City gives prisoners a get-out-of-jail card

City gives prisoners a get-out-of-jail card
It is not everyday that "ordinary" citizens are allowed into the inner sanctums of the prison environment to interact with convicted criminals - play games with them, engage in aerobics exercises or just meet and chat with the folks in the orange overalls.

It is even unusual, if not unheard of, for outsiders to mingle with convicts beyond the no-contact glasses that separate them and the outsider.

In most cases, the so-called contact visits are reserved for Christmas Day or New Year’s Day. But these are organised in such a manner that visitors sit across the table from their convicted friend or relative with whom they will share a "special" meal brought from the outside. An exception was, however, made this week when the gates and doors of the Medium C Section of the Johannesburg Correctional Centre, aka Sun City, were thrown open to a select group of 30 people, including journalists.

The excursion was aimed at showcasing the work that the City of Johannesburg's Department of Sports, Recreation, Arts and Culture - through its community outreach programme - was doing to enhance the inmates' personal development.

"We work with the inmates through a committee that organises sporting and cultural activities in the prison with the support of the facility's management," says Councillor Chris Vondo, MMC for Community Development.

The programme includes aerobics, soccer, table tennis and board games such as chess, draughts and morabaraba. This is an ongoing programme," says MMC Vondo.

"Today's event is a culmination of this year's activities as the facility goes into lockdown ahead of the festive season."

The programme will restart early next year. The prisoners in the Medium C Section are long-term inmates, serving sentences of between 10 years and life imprisonment.
So it was no surprise that a group of outsiders was going to be subjected to a rigorous, procedurally enforced access to the exercise area of the section.

Entry from the prison grounds into the Medium C Section is gained through a remote-controlled gate operated by a warder. Oh, and there are traffic lights, too!
They are red when the gates are closed and turn green when they are open! After everyone had entered, we had to sign a register on the rickety desk behind which three warders sat. They were friendly, courteous and helpful.

After everyone had signed the register, we were buzzed through the second gate. We ascended a flight of stairs and were ushered into a tiny waiting room with a bench. After being frisked, we turned right into a corridor, with an office to our left equipped with a grille door and a counter with metal bars. On this counter was a register on which we had to fill in our names after confirming our details on the list provided by the event’s organisers. Entry past this office was further controlled by submitting one’s ID or driver’s licence to the warder standing with her back to another grille gate. A courteous and friendly atmosphere was evident throughout this process. There was even good-natured banter from the warders.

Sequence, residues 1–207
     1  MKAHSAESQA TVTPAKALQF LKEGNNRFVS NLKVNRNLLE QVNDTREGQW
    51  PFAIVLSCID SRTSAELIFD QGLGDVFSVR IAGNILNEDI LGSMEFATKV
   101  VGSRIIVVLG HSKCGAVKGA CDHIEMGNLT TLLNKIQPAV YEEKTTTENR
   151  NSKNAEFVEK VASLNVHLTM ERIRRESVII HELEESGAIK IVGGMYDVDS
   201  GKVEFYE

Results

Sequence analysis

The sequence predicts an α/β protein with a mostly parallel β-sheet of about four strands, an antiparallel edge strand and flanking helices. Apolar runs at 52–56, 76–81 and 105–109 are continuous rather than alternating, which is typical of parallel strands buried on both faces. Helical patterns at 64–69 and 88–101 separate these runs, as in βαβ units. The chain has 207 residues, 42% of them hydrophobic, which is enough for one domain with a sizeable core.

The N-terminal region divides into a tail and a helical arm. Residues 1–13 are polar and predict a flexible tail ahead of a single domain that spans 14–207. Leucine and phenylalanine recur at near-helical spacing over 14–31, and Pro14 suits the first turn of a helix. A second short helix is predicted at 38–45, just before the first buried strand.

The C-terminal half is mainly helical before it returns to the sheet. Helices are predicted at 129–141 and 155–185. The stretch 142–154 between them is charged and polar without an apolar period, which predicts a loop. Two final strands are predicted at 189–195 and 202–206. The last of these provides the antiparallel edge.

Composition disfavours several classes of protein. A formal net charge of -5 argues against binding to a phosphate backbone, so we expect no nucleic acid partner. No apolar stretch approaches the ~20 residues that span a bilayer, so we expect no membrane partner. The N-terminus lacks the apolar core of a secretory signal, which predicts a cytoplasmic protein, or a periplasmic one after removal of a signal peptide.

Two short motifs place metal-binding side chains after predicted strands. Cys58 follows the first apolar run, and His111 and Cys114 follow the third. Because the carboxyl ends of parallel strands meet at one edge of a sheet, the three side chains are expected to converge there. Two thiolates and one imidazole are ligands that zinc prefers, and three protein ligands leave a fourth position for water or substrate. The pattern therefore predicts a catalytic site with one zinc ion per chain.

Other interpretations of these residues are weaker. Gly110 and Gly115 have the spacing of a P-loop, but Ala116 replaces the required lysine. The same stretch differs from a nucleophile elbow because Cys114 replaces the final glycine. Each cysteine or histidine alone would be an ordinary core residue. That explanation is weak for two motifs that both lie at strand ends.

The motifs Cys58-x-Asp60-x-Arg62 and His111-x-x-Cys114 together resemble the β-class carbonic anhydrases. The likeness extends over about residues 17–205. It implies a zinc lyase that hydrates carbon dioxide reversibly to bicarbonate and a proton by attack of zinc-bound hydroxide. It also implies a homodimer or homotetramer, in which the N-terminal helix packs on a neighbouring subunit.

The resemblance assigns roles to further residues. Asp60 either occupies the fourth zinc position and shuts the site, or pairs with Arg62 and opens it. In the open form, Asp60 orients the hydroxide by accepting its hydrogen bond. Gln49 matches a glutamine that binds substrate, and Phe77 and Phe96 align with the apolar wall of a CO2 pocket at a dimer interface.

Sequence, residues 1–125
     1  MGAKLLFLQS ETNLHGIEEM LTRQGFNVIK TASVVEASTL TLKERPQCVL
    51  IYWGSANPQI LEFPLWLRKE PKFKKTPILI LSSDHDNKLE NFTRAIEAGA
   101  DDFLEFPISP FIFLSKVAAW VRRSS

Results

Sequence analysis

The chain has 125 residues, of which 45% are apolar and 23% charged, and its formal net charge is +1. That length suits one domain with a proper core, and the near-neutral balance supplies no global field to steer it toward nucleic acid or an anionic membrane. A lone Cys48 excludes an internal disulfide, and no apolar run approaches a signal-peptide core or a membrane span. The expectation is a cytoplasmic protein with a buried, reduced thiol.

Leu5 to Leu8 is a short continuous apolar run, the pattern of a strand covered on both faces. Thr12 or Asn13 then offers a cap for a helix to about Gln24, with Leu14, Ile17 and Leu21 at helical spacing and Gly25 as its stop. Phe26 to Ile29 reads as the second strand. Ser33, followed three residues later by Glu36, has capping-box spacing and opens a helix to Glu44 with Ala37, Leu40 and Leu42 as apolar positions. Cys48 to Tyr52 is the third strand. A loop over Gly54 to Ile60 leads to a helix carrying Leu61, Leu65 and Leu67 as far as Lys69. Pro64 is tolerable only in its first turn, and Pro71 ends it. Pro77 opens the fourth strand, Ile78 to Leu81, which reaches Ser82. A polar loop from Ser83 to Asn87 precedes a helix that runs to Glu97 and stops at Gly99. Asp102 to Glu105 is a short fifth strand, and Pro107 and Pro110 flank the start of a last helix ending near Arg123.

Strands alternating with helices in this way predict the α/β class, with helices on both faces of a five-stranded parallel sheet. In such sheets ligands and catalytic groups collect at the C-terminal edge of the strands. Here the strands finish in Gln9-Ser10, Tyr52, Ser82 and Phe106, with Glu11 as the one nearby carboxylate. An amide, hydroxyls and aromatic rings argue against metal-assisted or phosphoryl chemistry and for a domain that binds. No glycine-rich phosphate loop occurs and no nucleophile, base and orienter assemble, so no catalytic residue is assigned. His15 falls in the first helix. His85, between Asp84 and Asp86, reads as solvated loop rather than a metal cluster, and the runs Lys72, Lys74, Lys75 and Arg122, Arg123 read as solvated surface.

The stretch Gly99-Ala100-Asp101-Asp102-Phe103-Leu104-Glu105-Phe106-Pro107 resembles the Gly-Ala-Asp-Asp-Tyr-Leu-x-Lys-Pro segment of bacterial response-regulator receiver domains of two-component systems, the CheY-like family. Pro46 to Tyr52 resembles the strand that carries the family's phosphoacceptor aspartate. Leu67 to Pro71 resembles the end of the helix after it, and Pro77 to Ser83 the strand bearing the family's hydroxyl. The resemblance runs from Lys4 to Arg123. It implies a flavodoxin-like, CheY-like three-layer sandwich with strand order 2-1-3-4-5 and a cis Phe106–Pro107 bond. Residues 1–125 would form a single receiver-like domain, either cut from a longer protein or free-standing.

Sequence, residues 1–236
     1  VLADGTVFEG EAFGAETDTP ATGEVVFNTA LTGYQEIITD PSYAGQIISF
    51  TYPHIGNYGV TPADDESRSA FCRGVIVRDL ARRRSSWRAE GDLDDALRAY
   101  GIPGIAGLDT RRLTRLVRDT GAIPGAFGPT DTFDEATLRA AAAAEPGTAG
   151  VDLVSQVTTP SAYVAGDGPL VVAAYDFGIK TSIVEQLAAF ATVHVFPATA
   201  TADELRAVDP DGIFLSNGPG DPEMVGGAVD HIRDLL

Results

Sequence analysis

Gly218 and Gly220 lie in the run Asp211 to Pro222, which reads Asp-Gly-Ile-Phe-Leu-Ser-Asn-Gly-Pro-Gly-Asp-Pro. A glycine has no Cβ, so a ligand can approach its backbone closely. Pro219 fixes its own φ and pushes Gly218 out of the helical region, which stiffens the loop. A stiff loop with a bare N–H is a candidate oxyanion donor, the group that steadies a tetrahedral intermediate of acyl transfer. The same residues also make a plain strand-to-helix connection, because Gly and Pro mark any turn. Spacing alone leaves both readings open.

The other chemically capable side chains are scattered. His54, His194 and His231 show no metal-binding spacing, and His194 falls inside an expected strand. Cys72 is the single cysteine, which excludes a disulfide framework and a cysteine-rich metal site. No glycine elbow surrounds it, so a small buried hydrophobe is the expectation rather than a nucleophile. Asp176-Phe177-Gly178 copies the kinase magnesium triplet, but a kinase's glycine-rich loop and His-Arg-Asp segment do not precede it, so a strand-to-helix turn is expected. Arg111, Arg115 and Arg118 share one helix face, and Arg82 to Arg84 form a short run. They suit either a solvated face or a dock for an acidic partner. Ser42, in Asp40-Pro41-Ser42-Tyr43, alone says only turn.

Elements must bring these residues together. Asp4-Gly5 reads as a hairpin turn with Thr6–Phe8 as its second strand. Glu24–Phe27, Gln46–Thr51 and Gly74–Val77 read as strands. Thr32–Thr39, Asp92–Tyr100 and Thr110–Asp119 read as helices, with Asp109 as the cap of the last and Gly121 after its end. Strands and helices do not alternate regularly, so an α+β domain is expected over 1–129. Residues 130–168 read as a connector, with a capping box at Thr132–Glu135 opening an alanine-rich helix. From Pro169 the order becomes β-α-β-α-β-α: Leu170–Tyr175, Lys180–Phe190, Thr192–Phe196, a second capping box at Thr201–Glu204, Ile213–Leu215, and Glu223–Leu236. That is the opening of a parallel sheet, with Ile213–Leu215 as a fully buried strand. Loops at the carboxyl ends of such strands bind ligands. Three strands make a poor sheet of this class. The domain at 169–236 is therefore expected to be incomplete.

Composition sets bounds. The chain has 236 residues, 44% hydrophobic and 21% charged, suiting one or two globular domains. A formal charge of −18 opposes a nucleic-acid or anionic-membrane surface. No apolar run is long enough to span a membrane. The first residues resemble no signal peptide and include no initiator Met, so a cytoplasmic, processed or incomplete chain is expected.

We were then ushered into what looked like a conference room with at least six rows of wooden benches. Here a convict, let’s call him Victor, sat on an elevated podium in front of us. With a clean-shaven head and a healing scar above his left eye, he was eloquent – in English – as he told us of the programmes he and his fellow Medium C inmates were involved in.

"Medium C Section is a centre of excellence," he told us, adding more than 80% of inmates were pursuing various studies.

Some want to complete their grades 10, 11 and 12 studies, while others are pursuing post-matric qualifications through institutions such as Unisa and Damelin. Personal development programmes were encouraged among the inmates, Victor said, and prison management was very supportive of such endeavours.

"As perpetrators of crime, we want to help address the fight against this problem besetting our country. We only become aware of the magnitude of crime in our country when we are behind bars and talk about the reasons that led to all of us being here,” he said.

He pointed out that these personal development programmes also helped to give the juveniles the opportunity and motivation to improve their lives and steer clear of crime. He said other programmes included weekly visits from religious leaders and psychologists, who help inmates deal with spiritual and mental challenges.

“The rehabilitation of prisoners while serving sentences is very important, and preachers and psychologists help in facilitating this process,” he added.

Victor ended his presentation by extolling us to join him and his fellow inmates in the exercise yard for a few hours of fun, which included board games, soccer, aerobics, table tennis and other performances, among others, poetry, music and dance. Mandlenkosi Khoza, from Bergville in northern KwaZulu-Natal, who is serving an 18-year for various violent crimes, has happily availed himself to learn some useful lifeskills offered behind bars.

He has attended art classes facilitated by a fellow inmate and has learned to draw and create art works. He proudly showed off four of his planned Big Five creations - the lion, rhino, elephant and buffalo, and is in the process of creating the leopard. All the four creations have an uncanny resemblance to the real thing: a male lion with a thick mane, the elephant with its tusks, the rhino with the horns, and the buffalo with curled horns.

“What I need is art paint that will help give my creations some character because they are now all grey and drab. Paint will also help to make the art works stronger and not break easily,” he added.